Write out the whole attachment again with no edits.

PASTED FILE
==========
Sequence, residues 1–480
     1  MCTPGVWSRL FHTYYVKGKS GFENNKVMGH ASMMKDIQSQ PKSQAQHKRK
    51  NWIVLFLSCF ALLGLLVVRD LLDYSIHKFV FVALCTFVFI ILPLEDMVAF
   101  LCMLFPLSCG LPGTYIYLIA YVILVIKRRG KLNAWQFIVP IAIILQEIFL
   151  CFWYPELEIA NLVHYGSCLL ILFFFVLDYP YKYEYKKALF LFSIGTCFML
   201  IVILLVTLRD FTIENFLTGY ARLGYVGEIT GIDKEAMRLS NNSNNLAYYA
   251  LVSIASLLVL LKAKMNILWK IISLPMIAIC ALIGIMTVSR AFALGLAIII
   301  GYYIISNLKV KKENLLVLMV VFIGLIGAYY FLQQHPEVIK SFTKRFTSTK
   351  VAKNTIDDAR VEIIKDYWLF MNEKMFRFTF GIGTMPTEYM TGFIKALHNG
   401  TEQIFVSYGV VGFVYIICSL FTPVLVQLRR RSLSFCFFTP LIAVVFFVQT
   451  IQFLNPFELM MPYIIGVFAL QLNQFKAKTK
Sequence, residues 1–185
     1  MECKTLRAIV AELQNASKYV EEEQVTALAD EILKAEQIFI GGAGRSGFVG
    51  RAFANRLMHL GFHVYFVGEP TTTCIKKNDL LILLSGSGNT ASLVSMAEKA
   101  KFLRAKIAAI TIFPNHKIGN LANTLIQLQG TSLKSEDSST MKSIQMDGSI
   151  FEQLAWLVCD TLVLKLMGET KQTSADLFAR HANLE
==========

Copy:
Sequence, residues 1–480
     1  MCTPGVWSRL FHTYYVKGKS GFENNKVMGH ASMMKDIQSQ PKSQAQHKRK
    51  NWIVLFLSCF ALLGLLVVRD LLDYSIHKFV FVALCTFVFI ILPLEDMVAF
   101  LCMLFPLSCG LPGTYIYLIA YVILVIKRRG KLNAWQFIVP IAIILQEIFL
   151  CFWYPELEIA NLVHYGSCLL ILFFFVLDYP YKYEYKKALF LFSIGTCFML
   201  IVILLVTLRD FTIENFLTGY ARLGYVGEIT GIDKEAMRLS NNSNNLAYYA
   251  LVSIASLLVL LKAKMNILWK IISLPMIAIC ALIGIMTVSR AFALGLAIII
   301  GYYIISNLKV KKENLLVLMV VFIGLIGAYY FLQQHPEVIK SFTKRFTSTK
   351  VAKNTIDDAR VEIIKDYWLF MNEKMFRFTF GIGTMPTEYM TGFIKALHNG
   401  TEQIFVSYGV VGFVYIICSL FTPVLVQLRR RSLSFCFFTP LIAVVFFVQT
   451  IQFLNPFELM MPYIIGVFAL QLNQFKAKTK
Sequence, residues 1–185
     1  MECKTLRAIV AELQNASKYV EEEQVTALAD EILKAEQIFI GGAGRSGFVG
    51  RAFANRLMHL GFHVYFVGEP TTTCIKKNDL LILLSGSGNT ASLVSMAEKA
   101  KFLRAKIAAI TIFPNHKIGN LANTLIQLQG TSLKSEDSST MKSIQMDGSI
   151  FEQLAWLVCD TLVLKLMGET KQTSADLFAR HANLE